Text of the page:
Cyber Kill Chain – what is it and how to use it to stop advanced methods of attack?
Recently the number of cyberattacks has increased year on year. It is also estimated that the number of attacks conducted with the use of ransomware increases by 350%¹ each year. Additionally, the Covid19 pandemic has caused an increase in the number of malicious emails by 600%². An understanding of the characteristics of attacks and strategies used by attackers is one of the key ways of protection against potential attacks.
Cybersecurity experts have created a few models showing the characteristics of attacks. They have described the various stages of attacks as well as the methods and techniques used by attackers. The following article is an introduction to the Cyber Kill Chain model – the stages of the process and the methods of attack mitigation on each stage of that process.
In this article, we will discuss:
- what is the Cyber Kill Chain?
- where does the term originate?
- according to the Cyber Kill Chain framework, what are the stages of a cyber attack?
- what security measures can be put in place to protect you from each stage of a cyber attack?
- what are the ways for this framework to be used in practice?
- the faults of the Cyber Kill Chain model.
In subsequent articles, we will also introduce: the Diamond Model, the Mitre Att@ck and the ICS kill chain model, we will also discuss the specifics of using each of those models and compare their advantages and disadvantages.
What is the Cyber Kill Chain?
The Cyber Kill Chain is a model clearly illustrating the framework of a successful cyber attack. It sorts actions taken by attackers into systemised stages, from gathering information about a target, through preparing all necessary tools and delivering the malware, to finally completing the goal of an attack. The model can help us get a better understanding of various types of attacks, including data theft, advanced persistent attacks (ATPs), attacks conducted using malware and be more prepared to handle them when they occur. Thanks to a good understanding of the Cyber Kill Chain, IT security management teams can use strategies and technologies designed to break the chain of invasive actions and stop the attack.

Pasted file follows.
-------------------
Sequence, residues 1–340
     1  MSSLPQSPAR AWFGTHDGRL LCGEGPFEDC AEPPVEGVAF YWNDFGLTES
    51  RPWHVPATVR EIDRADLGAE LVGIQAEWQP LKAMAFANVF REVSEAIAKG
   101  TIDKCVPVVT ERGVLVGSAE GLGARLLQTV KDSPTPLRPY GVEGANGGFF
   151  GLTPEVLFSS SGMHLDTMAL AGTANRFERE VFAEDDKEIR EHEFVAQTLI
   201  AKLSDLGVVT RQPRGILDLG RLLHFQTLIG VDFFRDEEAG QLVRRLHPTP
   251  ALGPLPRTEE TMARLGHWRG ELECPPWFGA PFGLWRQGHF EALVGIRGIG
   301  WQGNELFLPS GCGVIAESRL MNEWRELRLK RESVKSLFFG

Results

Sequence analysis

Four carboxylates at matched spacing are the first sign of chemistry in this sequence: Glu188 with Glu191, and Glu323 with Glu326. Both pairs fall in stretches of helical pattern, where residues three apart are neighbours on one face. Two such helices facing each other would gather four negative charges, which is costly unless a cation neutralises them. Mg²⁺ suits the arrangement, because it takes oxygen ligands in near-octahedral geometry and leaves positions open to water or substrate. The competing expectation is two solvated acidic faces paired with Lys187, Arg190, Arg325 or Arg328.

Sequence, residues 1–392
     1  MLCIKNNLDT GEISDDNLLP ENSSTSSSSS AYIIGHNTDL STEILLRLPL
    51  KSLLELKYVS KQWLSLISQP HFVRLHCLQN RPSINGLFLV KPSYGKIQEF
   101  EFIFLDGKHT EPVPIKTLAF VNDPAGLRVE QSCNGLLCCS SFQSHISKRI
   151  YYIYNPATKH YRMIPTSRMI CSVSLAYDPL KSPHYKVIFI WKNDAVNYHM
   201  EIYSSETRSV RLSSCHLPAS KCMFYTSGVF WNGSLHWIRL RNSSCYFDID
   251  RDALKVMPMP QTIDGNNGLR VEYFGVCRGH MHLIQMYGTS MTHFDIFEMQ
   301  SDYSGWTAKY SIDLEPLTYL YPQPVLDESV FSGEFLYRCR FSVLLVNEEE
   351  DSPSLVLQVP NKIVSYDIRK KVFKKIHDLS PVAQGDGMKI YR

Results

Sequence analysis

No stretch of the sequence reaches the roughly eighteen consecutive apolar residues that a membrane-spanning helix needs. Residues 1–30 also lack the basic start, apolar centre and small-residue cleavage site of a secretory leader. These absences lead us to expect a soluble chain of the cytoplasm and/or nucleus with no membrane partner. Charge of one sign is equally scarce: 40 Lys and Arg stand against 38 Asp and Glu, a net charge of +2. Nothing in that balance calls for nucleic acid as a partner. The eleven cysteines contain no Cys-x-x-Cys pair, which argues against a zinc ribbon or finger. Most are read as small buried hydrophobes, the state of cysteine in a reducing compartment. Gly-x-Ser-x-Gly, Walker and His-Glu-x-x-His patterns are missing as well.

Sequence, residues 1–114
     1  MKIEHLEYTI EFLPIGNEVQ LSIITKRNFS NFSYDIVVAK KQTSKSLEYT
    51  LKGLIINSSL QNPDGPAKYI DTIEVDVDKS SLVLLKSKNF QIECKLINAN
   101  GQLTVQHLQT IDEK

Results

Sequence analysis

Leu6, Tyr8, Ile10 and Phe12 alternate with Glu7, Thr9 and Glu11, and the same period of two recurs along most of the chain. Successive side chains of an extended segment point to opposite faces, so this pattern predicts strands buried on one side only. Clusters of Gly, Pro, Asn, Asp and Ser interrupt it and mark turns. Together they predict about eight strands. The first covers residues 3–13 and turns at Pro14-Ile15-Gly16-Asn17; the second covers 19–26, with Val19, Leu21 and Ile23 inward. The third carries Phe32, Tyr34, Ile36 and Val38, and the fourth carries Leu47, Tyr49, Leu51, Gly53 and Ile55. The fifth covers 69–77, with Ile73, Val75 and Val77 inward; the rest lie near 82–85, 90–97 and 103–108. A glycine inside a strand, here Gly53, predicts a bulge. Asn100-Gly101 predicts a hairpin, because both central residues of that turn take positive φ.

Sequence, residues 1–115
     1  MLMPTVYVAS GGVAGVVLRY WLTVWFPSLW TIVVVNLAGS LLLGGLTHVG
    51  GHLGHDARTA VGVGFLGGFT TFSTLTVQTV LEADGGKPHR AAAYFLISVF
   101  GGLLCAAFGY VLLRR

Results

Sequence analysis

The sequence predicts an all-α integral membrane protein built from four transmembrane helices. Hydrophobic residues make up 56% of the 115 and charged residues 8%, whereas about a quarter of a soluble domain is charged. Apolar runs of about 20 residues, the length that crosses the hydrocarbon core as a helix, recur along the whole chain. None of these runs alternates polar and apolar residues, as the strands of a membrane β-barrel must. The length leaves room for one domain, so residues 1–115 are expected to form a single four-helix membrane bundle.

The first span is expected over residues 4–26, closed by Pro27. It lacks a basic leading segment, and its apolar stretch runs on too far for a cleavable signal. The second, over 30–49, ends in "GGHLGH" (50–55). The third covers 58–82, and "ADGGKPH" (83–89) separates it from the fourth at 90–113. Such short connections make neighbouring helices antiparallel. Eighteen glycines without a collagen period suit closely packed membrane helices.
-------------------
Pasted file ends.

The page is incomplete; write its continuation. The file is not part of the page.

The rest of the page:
Cyber Kill Chain- a military approach to attacks
The term „kill chain” was originally used by the military, in the context of describing stages of attacks. A particular military kill chain framework, called “F2T2EA”, consists of the following stages:
1. Find – identify the target,
2. Determine – determine the target’s location,
3. Route – monitor the target’s movement,
4. Target – choose an adequate measure to use on the target,
5. Implementation – use the chosen measure to conduct an attack,
6. Review – review the attack’s efficiency.
This integrated, complex process, described as a chain because its stages resemble the links of a chain (and breaking of those chains would put the process on halt) is an effective method of protection and prevention of attacks.